I admit it. I fucked up! I got premature. I rushed.
It’s easily done. You write your first draft, it reads good, you think that’s it. It’s only much later when you reread earlier work amidst the frustration and anger of constant rejection that you realise… I’m shit!
It took having someone with real talent looking over what I thought was my best editing effort before realising what a fuck-up illiterate tool I am.
Now I understand I have to go back and do all those things the ‘how to write a novel’ advisory wankers told me in the first place if I’d only not been so arrogant as to to believe I could do without their advice.
I thought I had edited.
I thought I had rewritten.
I thought when the book said rewrite, check, recheck, re rewrite, that was for lesser talents than myself.
It appears I was a fuckwit.
I am currently editing, rewriting, rewriting, editing, rewriting, checking one of my earliest novels and guess what, the whole thing is a pile of shite and all because I didn’t try hard enough, didn’t check over and over until exhausted by the process.
When this bitch is ready to go online again this time I will know that it can’t be slagged for poor grammar, that if there’s a simile, metaphor, a better way of writing a piece of dialogue, in fact ANY enhancement I could have added, or indeed taken away, to contribute something to the text I will at least have considered it and dismissed the idea to the point that every full stop, comma but especially possessive apostrophe will have been mulled and checked at least a dozen times.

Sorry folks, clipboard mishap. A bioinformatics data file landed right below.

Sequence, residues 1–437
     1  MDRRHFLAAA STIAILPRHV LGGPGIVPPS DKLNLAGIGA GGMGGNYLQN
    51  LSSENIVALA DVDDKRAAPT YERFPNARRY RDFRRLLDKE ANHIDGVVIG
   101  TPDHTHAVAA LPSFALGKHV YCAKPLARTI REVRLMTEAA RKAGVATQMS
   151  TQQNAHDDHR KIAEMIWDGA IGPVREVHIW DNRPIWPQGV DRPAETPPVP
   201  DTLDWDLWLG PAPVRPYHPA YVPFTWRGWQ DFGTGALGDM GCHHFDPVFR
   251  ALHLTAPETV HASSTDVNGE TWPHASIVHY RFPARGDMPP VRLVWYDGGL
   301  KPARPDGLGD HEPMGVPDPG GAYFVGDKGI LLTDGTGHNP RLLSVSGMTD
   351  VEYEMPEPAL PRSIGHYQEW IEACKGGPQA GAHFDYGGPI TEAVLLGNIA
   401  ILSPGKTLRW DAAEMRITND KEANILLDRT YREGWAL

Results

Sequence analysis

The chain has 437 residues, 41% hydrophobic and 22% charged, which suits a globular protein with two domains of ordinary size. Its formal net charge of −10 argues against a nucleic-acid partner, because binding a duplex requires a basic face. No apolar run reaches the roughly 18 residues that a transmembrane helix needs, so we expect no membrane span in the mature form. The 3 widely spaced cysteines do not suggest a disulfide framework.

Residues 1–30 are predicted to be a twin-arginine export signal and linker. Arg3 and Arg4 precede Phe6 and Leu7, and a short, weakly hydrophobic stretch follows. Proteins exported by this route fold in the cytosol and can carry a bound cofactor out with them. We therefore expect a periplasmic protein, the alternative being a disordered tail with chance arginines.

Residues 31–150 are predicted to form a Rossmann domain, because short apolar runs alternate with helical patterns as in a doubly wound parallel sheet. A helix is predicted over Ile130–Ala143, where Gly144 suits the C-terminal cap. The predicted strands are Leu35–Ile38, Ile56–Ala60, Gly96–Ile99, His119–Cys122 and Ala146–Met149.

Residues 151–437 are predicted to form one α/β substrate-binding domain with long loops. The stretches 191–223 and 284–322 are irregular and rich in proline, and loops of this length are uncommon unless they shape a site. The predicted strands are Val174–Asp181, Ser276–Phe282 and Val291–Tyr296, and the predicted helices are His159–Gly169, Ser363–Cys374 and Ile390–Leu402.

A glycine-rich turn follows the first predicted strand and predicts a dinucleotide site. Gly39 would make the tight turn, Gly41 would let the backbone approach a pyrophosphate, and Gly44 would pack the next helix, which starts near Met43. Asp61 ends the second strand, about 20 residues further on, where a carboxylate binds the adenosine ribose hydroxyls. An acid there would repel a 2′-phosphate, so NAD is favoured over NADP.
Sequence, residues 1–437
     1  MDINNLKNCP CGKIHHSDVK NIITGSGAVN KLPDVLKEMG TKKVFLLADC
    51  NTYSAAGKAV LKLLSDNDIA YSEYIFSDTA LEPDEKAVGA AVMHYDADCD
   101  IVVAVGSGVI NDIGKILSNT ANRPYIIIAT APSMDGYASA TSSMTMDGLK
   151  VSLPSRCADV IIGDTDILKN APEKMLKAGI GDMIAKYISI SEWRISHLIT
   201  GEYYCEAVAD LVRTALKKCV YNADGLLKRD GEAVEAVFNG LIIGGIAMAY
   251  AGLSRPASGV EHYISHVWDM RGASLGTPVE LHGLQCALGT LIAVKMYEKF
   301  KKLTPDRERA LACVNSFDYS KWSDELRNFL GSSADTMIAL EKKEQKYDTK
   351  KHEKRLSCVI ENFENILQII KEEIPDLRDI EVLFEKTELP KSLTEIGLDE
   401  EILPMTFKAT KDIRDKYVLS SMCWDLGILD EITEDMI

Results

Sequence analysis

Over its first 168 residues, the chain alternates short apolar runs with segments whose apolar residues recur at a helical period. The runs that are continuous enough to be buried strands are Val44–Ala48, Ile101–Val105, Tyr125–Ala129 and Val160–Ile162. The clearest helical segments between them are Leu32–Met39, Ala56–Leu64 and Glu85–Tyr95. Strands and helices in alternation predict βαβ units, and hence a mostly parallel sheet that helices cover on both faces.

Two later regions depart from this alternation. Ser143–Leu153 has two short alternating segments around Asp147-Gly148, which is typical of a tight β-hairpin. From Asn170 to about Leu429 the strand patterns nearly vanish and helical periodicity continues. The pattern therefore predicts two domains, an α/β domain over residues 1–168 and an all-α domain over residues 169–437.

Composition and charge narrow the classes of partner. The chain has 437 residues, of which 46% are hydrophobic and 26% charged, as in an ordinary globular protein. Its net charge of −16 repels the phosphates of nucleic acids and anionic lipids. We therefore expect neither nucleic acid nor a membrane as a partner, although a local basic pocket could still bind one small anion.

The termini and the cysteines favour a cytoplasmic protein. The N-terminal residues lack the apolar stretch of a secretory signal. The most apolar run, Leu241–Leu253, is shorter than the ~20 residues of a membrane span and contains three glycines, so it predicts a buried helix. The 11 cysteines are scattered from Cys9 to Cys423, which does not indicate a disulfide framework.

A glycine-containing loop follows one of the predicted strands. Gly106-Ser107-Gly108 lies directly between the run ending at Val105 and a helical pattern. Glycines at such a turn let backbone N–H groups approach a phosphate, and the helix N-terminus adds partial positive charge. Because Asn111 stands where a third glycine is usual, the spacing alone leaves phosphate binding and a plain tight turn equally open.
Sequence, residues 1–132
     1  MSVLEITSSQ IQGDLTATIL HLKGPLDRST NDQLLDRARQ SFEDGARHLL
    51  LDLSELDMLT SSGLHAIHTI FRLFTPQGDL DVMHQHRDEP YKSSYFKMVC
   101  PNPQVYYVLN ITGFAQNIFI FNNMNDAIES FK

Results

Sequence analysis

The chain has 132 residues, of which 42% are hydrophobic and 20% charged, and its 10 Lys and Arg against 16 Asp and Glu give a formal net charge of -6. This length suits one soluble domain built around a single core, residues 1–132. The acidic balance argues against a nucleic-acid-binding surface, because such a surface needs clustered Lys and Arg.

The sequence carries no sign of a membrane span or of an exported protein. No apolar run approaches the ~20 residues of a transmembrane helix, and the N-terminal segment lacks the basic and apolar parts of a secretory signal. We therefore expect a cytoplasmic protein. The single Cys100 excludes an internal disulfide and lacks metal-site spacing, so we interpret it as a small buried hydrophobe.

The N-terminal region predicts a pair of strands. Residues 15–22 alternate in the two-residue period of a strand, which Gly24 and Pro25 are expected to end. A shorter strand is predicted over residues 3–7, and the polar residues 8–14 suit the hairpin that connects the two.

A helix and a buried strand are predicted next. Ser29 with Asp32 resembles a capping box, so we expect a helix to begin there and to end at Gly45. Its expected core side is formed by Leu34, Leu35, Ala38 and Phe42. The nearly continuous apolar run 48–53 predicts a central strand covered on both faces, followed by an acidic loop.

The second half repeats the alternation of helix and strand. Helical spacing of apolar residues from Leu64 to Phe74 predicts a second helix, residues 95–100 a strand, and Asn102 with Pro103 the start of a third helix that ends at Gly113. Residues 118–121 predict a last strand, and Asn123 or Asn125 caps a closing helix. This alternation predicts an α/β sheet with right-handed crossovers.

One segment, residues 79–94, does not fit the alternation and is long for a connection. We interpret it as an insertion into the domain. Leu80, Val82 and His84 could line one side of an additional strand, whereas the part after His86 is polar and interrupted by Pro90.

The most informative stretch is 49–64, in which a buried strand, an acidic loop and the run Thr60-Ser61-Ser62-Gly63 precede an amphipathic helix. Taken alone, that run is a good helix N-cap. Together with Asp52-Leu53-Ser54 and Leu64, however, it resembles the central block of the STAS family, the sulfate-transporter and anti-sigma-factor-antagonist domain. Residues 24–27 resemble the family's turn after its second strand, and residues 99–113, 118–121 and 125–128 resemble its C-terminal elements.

Finally, I’m a proper writer who checks and edits to the standard I should have fulfilled in the beginning. No shortcuts, no ego, no arrogance. I now understand exactly how little talent I have. I get that the first draft is a sketch which needs continuous working and reworking to bring to fruition. I know when to walk away, that nothing is ever going to be finished or good enough.
The trouble is, along with the urge to become better now there’s a nagging doubt that I’ll never be good enough. I wonder if being an egotistical ass might be more conducive to at least getting the first drafts on paper as I’ve ground to a halt on the latest because I now don’t think I’m capable of pulling it off (ooh doctor!) and I haven’t been able to start a new novel for precisely the same reason that I’ve managed to convince myself I’ll probably get partway through only to drop the Mutha because I’ve lost confidence.
Writing! What a bitch piss fucker of a nightmare.
Wish I was talented.